The one thing I absolutely love doing when I’m out and about, by myself, either walking, driving or running(not that often) is to listen to podcasts.
Today I’m going share with you which are my favorite podcasts, but before we get to the “meat” of the article, I want to let you know that I created this github repository where all the podcasts mentioned in this article are listed. If you find it useful, make sure to share it with others and maybe contribute with your own preferences.

The idea for this article started from a question I saw on one of the Facebook groups I follow, related specifically to the subject of podcasts. After I added my answer, I thought that it would be better if I could create a list that I could refer people to, and why not, have people contribute their own preferences.

So, without further ado, my list of podcasts.

JavaScript Jabber

If you want to find out what are the latest and greatest in terms of JS libraries, frameworks, programming techniques, analytics tools, application monitoring, this is your go-to podcast. They have a great panel and they always invite people that are highly relevant in the JavaScript community. They have an absolutely awesome format, that you will see in both “Adventures In Angular” and “The Freelancers’ Show”, and at the end of the show they do “picks”, so you get the chance to find out what the panelists have been reading about, book titles, articles, various services they use, or don’t(that’s an anti-pick :D).
Besides the regular panelists, one of them struck me as being a highly ambitious and motivated person — Aimee Knight. The reason for my admiration is that before becoming a developer, she was a figure skater and in my opinion, it takes a lot of courage and effort to make that kind of switch; it’s totally different from becoming a developer after working as an accountant.
Aimee gave a great talk at AngularConnect 2015 titled “Getting Comfortable Being Uncomfortable”, available on Youtube, so check it out:

Adventures In Angular

If you’re all about Angular, then you have a podcast all about your beloved framework. You’ll hear about a lot of new directives, services to use in your Angular apps, performance tips, and more.
Amongst the panelists you’ll hear some of the people that are on JavaScript Jabber as well, but they also bring in people who are very influential in the Angular community.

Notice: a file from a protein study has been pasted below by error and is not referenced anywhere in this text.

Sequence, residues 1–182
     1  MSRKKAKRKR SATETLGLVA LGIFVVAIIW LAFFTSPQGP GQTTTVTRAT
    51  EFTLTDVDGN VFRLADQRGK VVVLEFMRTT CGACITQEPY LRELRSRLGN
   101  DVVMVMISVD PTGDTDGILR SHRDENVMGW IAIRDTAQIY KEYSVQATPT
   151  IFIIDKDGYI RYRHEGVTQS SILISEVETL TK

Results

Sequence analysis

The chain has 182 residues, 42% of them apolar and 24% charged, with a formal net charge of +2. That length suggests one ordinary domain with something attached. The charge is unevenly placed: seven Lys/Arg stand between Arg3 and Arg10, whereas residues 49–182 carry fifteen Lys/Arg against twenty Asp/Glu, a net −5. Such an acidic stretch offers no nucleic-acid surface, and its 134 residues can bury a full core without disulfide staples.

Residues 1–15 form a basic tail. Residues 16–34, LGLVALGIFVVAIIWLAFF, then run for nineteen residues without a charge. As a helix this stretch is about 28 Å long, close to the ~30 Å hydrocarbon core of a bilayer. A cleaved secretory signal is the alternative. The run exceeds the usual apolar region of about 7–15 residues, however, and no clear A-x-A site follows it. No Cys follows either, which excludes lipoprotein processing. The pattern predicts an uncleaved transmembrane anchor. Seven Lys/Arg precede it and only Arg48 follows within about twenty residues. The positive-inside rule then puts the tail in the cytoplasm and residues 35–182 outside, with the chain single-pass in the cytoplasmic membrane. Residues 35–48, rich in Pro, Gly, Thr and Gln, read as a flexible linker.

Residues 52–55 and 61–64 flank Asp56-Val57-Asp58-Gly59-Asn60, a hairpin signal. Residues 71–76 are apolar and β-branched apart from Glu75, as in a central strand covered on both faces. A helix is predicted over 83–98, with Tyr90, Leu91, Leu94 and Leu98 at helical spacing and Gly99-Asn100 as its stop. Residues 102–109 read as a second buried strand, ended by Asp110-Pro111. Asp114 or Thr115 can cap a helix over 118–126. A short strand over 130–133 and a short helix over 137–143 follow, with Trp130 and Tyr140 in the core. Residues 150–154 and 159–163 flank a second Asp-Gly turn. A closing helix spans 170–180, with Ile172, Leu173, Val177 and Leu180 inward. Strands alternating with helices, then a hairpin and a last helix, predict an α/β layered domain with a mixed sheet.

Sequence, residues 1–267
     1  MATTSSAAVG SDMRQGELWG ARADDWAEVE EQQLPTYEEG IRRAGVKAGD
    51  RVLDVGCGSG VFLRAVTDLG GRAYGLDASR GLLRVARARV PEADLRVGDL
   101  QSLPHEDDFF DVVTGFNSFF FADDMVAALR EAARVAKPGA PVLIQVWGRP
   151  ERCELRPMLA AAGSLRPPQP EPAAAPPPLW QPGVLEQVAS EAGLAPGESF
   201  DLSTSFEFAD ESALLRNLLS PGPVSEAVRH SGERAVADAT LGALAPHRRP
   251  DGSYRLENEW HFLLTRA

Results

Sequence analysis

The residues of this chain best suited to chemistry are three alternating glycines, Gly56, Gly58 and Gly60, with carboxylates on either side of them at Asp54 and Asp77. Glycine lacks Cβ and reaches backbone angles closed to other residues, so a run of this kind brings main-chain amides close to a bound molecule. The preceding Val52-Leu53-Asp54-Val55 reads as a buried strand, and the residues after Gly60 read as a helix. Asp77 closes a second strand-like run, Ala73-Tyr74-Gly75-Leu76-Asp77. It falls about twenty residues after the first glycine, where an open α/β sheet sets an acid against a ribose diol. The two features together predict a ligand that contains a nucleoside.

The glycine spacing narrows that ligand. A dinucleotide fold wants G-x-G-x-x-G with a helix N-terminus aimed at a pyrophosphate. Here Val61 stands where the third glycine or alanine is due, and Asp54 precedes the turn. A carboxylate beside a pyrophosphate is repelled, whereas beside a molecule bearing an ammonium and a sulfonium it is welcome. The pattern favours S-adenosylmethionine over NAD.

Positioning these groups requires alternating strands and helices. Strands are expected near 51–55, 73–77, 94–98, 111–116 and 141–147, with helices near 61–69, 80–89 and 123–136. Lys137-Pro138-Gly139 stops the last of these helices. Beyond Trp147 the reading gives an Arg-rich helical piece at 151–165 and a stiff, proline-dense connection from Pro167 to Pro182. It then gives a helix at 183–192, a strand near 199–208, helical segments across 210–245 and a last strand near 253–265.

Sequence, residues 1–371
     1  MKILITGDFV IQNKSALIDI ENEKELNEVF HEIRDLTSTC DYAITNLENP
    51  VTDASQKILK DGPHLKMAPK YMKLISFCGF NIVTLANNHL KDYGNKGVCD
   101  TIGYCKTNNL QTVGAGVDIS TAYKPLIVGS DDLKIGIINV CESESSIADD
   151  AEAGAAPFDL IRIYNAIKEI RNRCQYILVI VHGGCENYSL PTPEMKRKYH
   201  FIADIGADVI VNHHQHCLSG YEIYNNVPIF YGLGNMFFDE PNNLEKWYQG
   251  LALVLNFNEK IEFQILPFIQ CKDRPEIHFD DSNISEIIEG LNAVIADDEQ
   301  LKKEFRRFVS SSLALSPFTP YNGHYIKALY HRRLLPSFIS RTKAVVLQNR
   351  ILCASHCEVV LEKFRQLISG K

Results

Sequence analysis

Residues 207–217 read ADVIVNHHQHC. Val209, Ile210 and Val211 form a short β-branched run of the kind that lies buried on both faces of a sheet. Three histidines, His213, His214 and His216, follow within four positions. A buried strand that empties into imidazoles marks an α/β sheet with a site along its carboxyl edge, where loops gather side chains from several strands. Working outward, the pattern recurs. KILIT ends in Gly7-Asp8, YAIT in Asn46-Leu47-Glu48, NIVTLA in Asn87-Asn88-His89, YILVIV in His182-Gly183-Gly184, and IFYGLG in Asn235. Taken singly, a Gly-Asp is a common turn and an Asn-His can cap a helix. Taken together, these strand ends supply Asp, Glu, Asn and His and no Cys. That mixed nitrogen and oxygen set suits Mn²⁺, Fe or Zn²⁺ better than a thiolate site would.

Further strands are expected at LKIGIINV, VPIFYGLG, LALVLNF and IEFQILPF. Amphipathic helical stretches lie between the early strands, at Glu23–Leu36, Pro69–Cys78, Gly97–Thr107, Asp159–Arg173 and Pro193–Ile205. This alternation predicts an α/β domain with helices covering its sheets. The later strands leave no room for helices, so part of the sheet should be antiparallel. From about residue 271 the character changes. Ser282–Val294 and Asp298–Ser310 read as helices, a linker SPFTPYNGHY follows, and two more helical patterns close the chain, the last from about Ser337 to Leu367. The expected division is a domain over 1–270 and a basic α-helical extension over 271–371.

To list some of the panelists, I would mention: Charles Max Wood — initiator of, Lukas trainer, John Papa — c’mon, it’s John Papa.

The Freelancers’ Show

This one is my favorite. I’ve learned so many things from this podcast, that I recently started listening to all the episodes, to make sure I haven’t missed anything critical.
Same as with “JavaScript Jabber” and “Adventures In Angular”, there are kind of the same people talking, they bring in other people that do freelancing, or offer various services for freelancers.
I found a lot of useful things from this podcast, and only to name a few: what to bill for, how to pick your clients, keeping up to date, self-promotion, Michael Port’s “Book yourself solid” program. If you’re doing freelancing or planning on going freelance, I wholeheartedly recommend this podcast.

Entreprogrammers Podcast

Again, another one about self-employment, freelancing, and the whole business of being a one-person shop. They discuss about conferences, projects they work on and share tips on how to be a better developreneur :).
As for the panelists, if you used Backbone in their life, especially Marionette.js, then you should know who Derick Bailey is. He used to post on the LosTechies blog and do a lot of other cool stuff with podcasting. You might have gotten used to Charles Max Wood by now. I don’t know where does this guy get his energy from, but, then again, that’s none of my business.

Reply All

This one is lighter on the brain. No programming involved, just the panelists’ viewpoints on the Internet, and how everything gets shaped by it.
To quote their own description, “Reply All is a show about the internet, hosted by PJ Vogt and Alex Goldman. It features stories about how people shape the internet, and the internet shapes people.”
They have other podcasts that might interest you, so feel free to check them all out

Agile Weekly Podcast

This podcast helped me in a time where my knowledge about Agile methodologies was close to -1. It’s not that active lately, and the owners left it unmaintained for quite some time, but they still have very useful info into development teams’ dynamics, and how stuff is supposed to work in Agile environments.

The Treehouse Show

If you are a frontend developer, there’s a good chance you probably landed at one point on while looking for training material. If you’re more into the front-end side of things, this is definitely a podcast worth checking out. It’s hosted by Treehouses’ most prolific authors: Nick Petitt and Jason Seifer.

This is the end of my podcasts list and I’m sure there are many more great podcasts and podcasters out there, so be sure to add your favorite podcast to this github repository

PascalSome old Beyer Dynamics headphones.